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formity of result, the unchangeableness of the Divinity, but of creative acts that exemplify the infinity of His resources." "150

27. With the idea of design, stamped on animal structures and instincts, Mr. Darwin, by the necessity of his hypothesis, is at open war. He admits in the frankest way that a belief in Final Causes, or, as Cuvier preferred calling them, the Conditions of Existence, would be fatal to his scheme. A prospect-glass or a forceps is an instrument; they have each a final cause; that is, they were each made and adjusted for a certain use. The use of the prospect-glass is to assist the eye: the use of the forceps is to assist the hand. The prospect-glass was made the better to see; the forceps the better to grasp. The use did not make these instruments; they were each made for the use--which use was foreseen and premeditated in the mind of the maker of them. We say of each of them without a shadow of hesitation: IF THIS HAD NOT FIRST BEEN A THOUGHT, IT COULD NEVER HAVE BEEN A THING. Now, is the Eye or the Hand an instrument adjusted to a certain use, and thus revealing an antecedent purpose in the Creative Mind, or is it not? Can we account for either except by saying that it was thought out before it was wrought

out; that it was a concept in mind ere it could possibly appear as a configuration in matter; that before it became a fact in nature it must needs have been a thought in God? According to Mr. Darwin, we can and ought. Human mind made the prospect-glass, but no mind presided over the structure of the eye. Such mind is dispensed with by natural selection: a sensitive nerve, whence derived is not said, will in millions of ages select itself into an eye! The same solution will of course suffice elsewhere. "The new-born kangaroo is an inch in length, naked, blind, with very rudimental limbs and tail in one which I examined the morning after the birth, I could discern no act of sucking: it hung, like a germ, from the end of the long nipple, and seemed unable to draw sustenance therefrom by its own efforts. The mother accordingly is provided with a peculiar adaptation of a muscle (cremaster) to the mammary gland, by which she can inject the milk from the nipple into the mouth of the pendulous embryo. Were the larynx of the little creature like that of the parent, the milk might, probably would, enter the windpipe and cause suffocation: but the foetal larynx is cone-shaped with the opening at the apex, which projects, as in the whale-tribe, into the back aperture of the nostrils, where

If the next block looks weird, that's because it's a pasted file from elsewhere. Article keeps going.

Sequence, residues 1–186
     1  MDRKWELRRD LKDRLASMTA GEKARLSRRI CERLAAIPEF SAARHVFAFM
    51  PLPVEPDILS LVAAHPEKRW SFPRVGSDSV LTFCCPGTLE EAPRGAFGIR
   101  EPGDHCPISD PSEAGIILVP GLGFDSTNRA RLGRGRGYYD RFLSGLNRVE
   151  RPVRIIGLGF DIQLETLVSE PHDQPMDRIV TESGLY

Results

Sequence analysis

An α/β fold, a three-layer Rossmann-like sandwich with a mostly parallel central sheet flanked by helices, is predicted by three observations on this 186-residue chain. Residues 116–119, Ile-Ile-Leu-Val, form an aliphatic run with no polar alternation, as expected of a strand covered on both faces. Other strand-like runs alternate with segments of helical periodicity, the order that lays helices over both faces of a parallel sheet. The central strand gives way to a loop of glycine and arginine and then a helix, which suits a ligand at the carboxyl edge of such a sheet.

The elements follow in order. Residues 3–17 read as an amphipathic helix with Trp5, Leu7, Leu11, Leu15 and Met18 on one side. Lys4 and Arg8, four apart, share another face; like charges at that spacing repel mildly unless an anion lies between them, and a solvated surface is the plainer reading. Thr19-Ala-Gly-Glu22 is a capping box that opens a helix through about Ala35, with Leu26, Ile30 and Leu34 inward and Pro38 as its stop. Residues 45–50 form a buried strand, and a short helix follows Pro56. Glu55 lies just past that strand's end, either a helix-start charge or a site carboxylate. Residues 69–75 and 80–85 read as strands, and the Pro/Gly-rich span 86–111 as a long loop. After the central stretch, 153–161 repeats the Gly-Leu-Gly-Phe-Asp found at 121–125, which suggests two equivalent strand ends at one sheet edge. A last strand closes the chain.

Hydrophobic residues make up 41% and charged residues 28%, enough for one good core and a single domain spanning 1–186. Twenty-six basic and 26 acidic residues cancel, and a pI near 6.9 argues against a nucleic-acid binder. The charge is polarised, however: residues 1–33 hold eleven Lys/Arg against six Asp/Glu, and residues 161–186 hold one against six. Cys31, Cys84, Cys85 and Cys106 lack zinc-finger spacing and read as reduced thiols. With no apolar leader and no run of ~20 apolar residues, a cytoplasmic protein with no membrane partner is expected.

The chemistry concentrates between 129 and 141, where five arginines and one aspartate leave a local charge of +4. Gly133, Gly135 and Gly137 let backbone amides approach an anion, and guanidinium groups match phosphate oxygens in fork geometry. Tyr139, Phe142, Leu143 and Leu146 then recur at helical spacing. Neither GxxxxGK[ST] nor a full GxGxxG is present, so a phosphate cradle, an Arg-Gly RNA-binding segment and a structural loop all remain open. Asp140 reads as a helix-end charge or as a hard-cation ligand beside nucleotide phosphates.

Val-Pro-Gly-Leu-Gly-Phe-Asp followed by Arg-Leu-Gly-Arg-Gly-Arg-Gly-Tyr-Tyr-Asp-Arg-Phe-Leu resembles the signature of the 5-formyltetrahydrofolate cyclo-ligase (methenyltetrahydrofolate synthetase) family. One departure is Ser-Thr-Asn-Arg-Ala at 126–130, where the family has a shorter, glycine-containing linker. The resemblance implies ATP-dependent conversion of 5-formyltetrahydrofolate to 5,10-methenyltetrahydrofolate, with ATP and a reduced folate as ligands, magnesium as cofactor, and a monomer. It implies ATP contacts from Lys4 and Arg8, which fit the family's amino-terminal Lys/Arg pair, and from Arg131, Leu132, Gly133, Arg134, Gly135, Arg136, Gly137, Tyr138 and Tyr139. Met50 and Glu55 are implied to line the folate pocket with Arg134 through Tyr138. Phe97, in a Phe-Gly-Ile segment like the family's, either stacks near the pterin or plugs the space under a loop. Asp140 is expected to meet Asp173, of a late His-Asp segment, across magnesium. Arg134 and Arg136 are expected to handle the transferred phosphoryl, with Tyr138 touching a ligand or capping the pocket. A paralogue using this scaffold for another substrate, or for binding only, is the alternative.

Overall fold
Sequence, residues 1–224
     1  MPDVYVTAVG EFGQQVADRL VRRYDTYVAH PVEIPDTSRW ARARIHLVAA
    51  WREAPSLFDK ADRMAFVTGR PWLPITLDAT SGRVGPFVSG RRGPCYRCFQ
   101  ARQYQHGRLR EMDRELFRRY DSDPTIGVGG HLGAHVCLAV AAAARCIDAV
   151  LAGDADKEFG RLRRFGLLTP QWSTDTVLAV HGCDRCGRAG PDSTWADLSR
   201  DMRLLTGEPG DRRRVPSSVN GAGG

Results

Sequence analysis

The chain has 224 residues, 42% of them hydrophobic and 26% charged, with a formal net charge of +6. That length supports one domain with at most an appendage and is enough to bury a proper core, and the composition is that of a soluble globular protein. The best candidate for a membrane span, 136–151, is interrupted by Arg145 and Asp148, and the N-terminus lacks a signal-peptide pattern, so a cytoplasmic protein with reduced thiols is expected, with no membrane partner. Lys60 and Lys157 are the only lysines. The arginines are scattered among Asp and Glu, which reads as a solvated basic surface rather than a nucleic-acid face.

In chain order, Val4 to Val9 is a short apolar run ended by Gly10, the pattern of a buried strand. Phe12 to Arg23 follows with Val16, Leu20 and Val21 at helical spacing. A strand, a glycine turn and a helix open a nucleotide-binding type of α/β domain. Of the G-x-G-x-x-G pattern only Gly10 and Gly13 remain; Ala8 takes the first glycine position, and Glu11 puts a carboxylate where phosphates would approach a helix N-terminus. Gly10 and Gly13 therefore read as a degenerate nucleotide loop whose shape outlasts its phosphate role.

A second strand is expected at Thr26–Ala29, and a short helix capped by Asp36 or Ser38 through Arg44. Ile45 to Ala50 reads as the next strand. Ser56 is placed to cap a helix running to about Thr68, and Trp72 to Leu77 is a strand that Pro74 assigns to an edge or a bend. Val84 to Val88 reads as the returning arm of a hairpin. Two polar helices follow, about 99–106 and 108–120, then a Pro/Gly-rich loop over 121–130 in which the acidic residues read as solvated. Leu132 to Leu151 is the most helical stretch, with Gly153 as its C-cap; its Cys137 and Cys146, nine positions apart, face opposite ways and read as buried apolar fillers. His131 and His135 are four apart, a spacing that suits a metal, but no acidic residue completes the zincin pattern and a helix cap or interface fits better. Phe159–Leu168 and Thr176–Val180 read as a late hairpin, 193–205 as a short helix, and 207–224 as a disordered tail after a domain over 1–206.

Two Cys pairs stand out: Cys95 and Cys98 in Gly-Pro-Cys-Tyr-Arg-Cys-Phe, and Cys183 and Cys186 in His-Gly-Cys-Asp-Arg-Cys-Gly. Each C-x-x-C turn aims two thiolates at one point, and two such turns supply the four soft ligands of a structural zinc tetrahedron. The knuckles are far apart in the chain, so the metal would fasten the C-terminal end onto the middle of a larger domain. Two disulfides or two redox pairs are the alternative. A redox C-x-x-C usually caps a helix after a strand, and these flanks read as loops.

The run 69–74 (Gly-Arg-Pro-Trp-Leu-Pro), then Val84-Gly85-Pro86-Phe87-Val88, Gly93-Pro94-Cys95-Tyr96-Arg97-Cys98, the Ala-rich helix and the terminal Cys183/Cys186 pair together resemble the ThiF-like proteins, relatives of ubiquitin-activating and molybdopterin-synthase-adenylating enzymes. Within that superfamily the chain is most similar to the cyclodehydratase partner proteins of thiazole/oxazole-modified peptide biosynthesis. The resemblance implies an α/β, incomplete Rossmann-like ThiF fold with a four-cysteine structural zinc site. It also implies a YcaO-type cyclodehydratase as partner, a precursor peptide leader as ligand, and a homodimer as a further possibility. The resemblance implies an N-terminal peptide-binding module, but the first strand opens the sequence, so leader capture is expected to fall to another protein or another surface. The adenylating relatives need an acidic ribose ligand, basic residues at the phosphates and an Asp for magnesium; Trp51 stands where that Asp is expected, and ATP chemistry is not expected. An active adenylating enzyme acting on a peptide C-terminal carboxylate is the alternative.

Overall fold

it is closely embraced by the muscles of the 'soft palate.' The air-passage is thus completely separated from the fauces, and the injected milk passes in a divided stream, on either side the base of the larynx, into the œsophagus. These correlated modifications of maternal and foetal structures, designed with especial reference to the peculiar conditions of both mother and offspring, afford, as it seems to me, irrefragable evidence of Creative foresight." 51 "The parts of this apparatus cannot have produced one another; one part is in the mother, another part in the young one; without their harmony they could not be effective; but nothing except design can operate to make them harmonious. They are intended to work together; and we cannot resist the conviction of this intention when the facts first come before us." 52 The significance of such facts, and the legitimacy of such comments, which extend in their principle over the whole field of organization, may be safely left, Mr. Darwin's blindness to them notwithstanding, to the common sense of mankind. The case is too strong to be explained away. Nature is full of plan, and yet she plans not: she is only plastic to a plan. That plan speaks self-attestingly to all healthy understandings. It has its warp indeed as well as its